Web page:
Cognitive neurorehabilitation is rooted both in the cognitive function being treated and the neural substrates underlying that ability. Recent progress in understanding both brain (in particular brain plasticity) and the complexities of behaviour imply a promising future for cognitive neurorehabilitation. The manuscripts in this issue focuse on advances in the use of non-invasive brain stimulation (NIBS) as a tool for cognitive neurorehabilitation. This paper presents a broader context in which to understand the importance and potential of this specific approach. Achieving the promise requires theoretical and experimental rigour including selection of relevant outcome measures, and understanding of the complexities of individual patients. Success will depend on our ability to integrate knowledge and approaches. © 2011 Psychology Press.
Wurm-Schaar M.,Heritage University
Biochemical Pharmacology | Year: 2015
The construct of a profession encompasses several core elements that guide the behavior of its members and the quality standards for the services they provide and products they produce: primarily, competency specifications for members of the profession, a code of professional and ethical behavior, and a commitment to serve the public good. Professionalism is the embodiment of a profession's expertise, ethos, and service to the public good. As an academic scientist, David Triggle exhibited an extraordinary mastery of professionalism in two domains: science and academic leadership in higher education. Sociocultural changes, including the commodification of knowledge, science, and higher education, are posing challenges to the professions and their traditional values. Whereas the effectiveness of ethics instruction is questionable, positive mentoring has shown promise as a means to help professionals maintain the ideals and the values of their chosen occupations. David Triggle was an extremely effective and revered mentor to numerous individuals in the sciences as well as in higher education, enhancing their professional enculturation and development. He fostered integrity of purpose in our respective professional lives and work, and was and remains an exemplar of professionalism. © 2015 Elsevier Inc.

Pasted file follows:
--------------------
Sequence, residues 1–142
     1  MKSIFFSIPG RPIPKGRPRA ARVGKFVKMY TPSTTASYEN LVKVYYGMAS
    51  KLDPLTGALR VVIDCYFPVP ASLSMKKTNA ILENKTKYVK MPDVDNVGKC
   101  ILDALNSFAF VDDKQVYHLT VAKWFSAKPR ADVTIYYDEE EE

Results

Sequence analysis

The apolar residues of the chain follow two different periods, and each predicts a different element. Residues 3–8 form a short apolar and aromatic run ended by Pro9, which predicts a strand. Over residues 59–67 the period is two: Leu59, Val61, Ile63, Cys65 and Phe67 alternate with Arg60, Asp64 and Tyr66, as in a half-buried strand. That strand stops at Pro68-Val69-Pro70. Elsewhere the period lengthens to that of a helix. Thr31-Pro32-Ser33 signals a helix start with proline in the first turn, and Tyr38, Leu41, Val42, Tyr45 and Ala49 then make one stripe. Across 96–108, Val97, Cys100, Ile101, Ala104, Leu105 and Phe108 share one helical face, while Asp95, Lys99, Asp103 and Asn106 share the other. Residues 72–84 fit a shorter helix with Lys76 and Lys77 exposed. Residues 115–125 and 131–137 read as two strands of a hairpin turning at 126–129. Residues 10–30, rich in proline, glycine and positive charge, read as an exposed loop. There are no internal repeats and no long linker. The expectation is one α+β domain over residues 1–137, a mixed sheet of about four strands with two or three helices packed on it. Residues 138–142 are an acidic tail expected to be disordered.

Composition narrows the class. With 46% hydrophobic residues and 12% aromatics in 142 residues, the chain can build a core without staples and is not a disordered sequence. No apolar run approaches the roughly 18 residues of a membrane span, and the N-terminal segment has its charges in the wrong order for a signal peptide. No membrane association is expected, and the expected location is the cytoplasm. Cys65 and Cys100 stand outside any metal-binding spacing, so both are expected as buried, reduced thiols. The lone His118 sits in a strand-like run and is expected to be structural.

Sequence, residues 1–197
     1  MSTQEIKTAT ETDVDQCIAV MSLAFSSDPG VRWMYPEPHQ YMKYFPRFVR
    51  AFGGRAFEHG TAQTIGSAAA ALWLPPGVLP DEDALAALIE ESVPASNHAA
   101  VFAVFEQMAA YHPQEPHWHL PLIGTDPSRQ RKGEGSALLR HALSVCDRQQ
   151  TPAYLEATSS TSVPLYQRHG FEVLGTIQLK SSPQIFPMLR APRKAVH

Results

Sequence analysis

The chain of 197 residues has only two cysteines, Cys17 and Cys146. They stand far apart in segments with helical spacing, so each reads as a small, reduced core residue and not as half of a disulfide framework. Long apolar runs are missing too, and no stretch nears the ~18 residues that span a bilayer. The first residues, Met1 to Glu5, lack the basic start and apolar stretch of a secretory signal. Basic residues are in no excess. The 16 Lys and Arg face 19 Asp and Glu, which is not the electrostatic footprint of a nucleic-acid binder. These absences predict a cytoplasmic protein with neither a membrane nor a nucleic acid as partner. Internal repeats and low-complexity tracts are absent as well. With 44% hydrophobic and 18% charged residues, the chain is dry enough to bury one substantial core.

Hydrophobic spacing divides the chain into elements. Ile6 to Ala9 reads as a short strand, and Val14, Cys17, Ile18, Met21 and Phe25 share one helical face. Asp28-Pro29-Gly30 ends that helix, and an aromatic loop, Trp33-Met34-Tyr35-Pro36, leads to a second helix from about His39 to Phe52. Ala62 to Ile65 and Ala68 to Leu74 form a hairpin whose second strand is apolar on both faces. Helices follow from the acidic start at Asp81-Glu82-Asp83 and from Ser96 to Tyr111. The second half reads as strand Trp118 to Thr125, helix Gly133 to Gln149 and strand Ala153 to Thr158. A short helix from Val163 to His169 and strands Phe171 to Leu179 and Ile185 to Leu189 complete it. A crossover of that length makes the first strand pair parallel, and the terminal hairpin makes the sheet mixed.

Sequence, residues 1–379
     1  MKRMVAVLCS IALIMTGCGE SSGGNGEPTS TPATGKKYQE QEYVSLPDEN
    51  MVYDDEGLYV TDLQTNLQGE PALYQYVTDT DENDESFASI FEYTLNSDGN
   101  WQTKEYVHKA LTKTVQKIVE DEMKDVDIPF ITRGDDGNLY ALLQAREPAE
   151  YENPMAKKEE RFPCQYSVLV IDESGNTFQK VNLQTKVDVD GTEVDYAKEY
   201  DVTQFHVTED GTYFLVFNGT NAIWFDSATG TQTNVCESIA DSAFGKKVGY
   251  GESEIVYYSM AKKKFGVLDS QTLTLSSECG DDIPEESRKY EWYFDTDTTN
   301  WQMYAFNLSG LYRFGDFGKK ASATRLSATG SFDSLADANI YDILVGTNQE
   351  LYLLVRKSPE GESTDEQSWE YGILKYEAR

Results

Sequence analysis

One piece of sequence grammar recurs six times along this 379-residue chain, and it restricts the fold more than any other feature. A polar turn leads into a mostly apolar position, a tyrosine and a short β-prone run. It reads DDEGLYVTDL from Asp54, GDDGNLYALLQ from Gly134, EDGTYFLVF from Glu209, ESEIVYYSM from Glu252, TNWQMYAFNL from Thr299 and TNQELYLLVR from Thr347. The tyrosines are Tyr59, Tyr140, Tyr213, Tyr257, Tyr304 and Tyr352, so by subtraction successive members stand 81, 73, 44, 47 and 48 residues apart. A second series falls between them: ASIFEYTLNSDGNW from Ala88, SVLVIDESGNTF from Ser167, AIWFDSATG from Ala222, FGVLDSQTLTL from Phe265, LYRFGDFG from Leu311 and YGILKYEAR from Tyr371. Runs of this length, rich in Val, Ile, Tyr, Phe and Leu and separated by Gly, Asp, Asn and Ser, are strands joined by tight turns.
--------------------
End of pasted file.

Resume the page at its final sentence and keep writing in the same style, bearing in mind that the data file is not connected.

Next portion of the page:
Manoudis P.N.,Heritage University |